Looking for some ways to save some money? Your car insurance can be an easy way to save money with little effect on your everyday life. Find out how.
If you’re a car owner, then you’ve probably dealt with car insurance. It can be a lifesaver in the event of an accident, but for cash-strapped recent college graduates it’s yet another extra cost. Ethan Ewing, a national personal finance expert and President of Bills.com, says a little planning can go a long way towards saving you money when looking car insurance.
“Plan your auto purchase—consider insurance before choosing a vehicle,” he says. “You will save right out of the gate if you opt for a car without a lot of bells and whistles. Turbo features, for instance, often raises premiums because insurers tend to think if you choose turbo, you are more likely to speed.” Cars with the highest theft rates cost more to cover, while parking in a garage can lower premiums—all things to consider before buying a car.
Insurers take credit scores into account when determining rates, so be sure to tune up your credit. “Pay your bills on time and pay overdue debts,” says Ewing. “Individuals can raise their scores as much as 20 points in a month just by paying on time.”
Sandy Praeger, National Association of Insurance Commissioners (NAIC) president and Kansas Insurance Commissioner, says that insurance companies can use a credit score in two ways: to underwrite and to rate a policy.
“For underwriting, your credit score is used to determine whether to issue you a new policy or to renew your existing policy,” she says. “For rating, the premium you’re paying for insurance coverage was partly determined by your credit score. Some companies may use your credit score for both underwriting and rating.”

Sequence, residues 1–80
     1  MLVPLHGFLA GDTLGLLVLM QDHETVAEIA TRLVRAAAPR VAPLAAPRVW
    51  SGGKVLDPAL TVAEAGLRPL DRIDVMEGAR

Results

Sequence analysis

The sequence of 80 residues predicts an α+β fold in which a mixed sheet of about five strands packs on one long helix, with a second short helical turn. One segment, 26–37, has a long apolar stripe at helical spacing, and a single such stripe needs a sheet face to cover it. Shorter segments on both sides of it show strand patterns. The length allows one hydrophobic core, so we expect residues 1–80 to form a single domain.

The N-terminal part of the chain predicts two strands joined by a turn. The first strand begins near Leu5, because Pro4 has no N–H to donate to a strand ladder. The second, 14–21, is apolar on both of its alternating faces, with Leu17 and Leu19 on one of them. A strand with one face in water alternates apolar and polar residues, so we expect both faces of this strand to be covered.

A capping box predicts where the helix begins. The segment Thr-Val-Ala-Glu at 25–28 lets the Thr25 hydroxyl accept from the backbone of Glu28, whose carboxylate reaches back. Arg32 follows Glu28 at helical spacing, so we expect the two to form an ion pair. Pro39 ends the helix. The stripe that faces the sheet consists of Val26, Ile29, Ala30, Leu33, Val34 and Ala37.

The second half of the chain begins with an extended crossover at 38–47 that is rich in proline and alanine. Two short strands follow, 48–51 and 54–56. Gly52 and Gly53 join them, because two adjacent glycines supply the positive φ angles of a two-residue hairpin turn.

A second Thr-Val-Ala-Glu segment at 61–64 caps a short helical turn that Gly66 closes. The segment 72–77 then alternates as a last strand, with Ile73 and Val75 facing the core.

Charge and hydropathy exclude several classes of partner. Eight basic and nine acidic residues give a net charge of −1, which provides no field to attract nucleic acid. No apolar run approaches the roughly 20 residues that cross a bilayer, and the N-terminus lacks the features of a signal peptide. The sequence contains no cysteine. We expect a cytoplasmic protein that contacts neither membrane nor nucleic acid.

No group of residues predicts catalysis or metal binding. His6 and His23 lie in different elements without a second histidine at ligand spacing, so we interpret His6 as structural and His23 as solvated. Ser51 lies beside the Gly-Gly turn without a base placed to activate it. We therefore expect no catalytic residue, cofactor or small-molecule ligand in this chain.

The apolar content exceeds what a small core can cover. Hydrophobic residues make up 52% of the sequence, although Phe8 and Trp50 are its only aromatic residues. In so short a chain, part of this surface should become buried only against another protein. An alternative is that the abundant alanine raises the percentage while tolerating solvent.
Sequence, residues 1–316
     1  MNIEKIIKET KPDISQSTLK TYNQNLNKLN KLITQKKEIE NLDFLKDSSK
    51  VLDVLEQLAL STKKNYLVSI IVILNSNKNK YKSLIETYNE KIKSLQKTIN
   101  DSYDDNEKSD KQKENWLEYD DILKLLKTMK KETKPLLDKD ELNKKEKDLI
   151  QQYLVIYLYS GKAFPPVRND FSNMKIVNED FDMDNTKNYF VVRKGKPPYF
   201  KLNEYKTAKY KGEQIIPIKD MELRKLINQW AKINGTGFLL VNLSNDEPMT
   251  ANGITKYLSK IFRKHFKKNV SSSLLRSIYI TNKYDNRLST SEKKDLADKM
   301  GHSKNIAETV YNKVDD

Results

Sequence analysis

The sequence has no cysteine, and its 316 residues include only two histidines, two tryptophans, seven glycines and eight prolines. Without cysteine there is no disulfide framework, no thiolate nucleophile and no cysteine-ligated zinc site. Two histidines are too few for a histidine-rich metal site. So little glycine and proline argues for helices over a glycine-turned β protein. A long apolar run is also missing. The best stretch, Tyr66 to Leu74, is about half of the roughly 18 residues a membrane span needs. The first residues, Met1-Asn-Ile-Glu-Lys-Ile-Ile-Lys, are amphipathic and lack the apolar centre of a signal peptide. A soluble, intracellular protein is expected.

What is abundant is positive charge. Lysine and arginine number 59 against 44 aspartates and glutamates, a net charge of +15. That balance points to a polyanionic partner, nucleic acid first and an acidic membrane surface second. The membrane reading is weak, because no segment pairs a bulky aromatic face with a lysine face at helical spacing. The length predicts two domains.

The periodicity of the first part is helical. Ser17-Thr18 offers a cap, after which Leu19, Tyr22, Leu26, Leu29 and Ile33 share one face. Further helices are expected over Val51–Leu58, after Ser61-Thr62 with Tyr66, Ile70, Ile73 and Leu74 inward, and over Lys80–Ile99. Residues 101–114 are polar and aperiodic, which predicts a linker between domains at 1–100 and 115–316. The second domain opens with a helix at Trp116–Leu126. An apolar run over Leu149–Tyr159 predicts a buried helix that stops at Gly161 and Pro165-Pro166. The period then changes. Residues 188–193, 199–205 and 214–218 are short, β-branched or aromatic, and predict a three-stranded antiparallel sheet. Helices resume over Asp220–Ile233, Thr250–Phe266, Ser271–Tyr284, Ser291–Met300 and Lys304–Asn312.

While most young students won’t have to worry about credit scores when they get their first insurance policy, it can become an issue as their credit history grows.
“Remember, an insurance company can check your credit history when you renew a policy,” says Praeger. “And a change in your credit score could affect your premium, or even lead to a non-renewal of your policy.”
The best way to find the right car insurance is by shopping around based on your needs. When you’re shopping, Praeger says before you commit to any contract to “stop, call, and confirm.”
“Before signing—stop,” she says. “Call your state insurance department to check that the company is licensed to do business in your state. The insurance department can also tell you if the company has had many complaints filed against it in your state.”
Be sure to keep a record of your research and paperwork as you consider your options. “Get all of the quotes in writing, especially when you're shopping on the Internet,” says Praeger. “When you decide to purchase insurance, keep a copy of the paperwork you complete and sign. You should receive an original copy of your policy and identification cards within 30–60 days of purchase. If not, contact your state insurance department.”